Researchers at the Beth Israel Deaconess Medical Center (BIDMC) have investigated the long-term efficacy of the three available vaccines. Approved for emergency use by the Foods and Drugs Administration (FDA), the Pfizer/BioNTech (BNT162b2) and Moderna (mRNA-1237) vaccines were rolled out across the US in December 2020. The mRNA-based jabs were followed by the single-shot Janssen/Johnson & Johnson vaccine (Ad26.COV2.S) in February this year, giving Americans a wide array of tools to fight the coronavirus.
To date, more than 200 million people across the US have been given one of the vaccines.
However, recent months have raised many questions about the long-term protection offered by the jabs.
Research published in September, for instance, found Pfizer’s vaccine offers waning protection against the Delta variant of Covid within six months of being administered.
Another study published in August found Covid vaccines are only up to 80 percent effective eight months after the jab.
The BIDMC researchers have now pitted the three vaccines against each other and compared the corresponding immune responses after an eight-month period.
In total, the study examined the levels of Covid antibodies, T-cells and other immune products in 61 participants.
The data was collected at two to four weeks after full complete immunisation – the peak time of immunity – to eight months after the jab.
Of the 61 people, 31 received the Pfizer/BioNTech jab, 22 were given the Moderna jab and only eight were given the Janssen jab.
Dan H. Barouch, corresponding author and one of the scientists who helped develop the Janssen vaccine, said: “The mRNA vaccines were characterised by high peak antibody responses that declined sharply by month six and declined further by month eight.
“The single-shot Ad26 vaccine induced lower initial antibody responses, but these responses were generally stable over time with minimal to no evidence of decline.”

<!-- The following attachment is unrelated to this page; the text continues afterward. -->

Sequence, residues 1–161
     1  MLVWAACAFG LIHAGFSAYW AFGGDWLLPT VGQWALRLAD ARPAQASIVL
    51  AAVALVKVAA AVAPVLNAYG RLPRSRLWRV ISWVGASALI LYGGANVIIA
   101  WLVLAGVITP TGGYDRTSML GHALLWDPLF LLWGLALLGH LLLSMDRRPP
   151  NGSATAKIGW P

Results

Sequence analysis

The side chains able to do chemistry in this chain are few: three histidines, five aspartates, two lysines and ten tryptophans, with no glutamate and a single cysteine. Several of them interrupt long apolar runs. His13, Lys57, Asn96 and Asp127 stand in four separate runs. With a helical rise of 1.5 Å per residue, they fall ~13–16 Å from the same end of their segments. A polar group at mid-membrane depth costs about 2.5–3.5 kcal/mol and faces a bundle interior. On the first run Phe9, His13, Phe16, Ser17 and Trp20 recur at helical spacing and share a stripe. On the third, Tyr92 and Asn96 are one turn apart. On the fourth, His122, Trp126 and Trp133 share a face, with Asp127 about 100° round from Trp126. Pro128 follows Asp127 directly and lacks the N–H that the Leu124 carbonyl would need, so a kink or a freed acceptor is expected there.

According to the team, the Moderna vaccine also produced an antibody response that was higher and more durable than Pfizer’s.
However, all three vaccines demonstrated “broad cross-reactivity” to the SARS-CoV-2 virus, which causes COVID-19.
The findings should give health officials a better idea of how vaccines work in terms of long-term protection.
Health experts have already warned the coronavirus is here to stay, much like the flu.
Dr Ai-ris Y. Collier, the study’s lead author, Even though neutralizing antibody levels decline, stable T cell responses and non-neutralizing antibody functions at eight months may explain how the vaccines continue to provide robust protection against severe COVID-19.
“Getting vaccinated (even during pregnancy) is still the best tool we have to end the COVID-19 pandemic.”
Here in the UK, more than 49.33 million people have already received the first dose of a Covid vaccine.
And more than 45.29 million have received their second dose.
In other words, more than 85 percent of the population aged 12 and older has the first dose, and 78.8 percent has had the second dose.
Globally, more than 6.49 billion doses of the vaccines have been administered.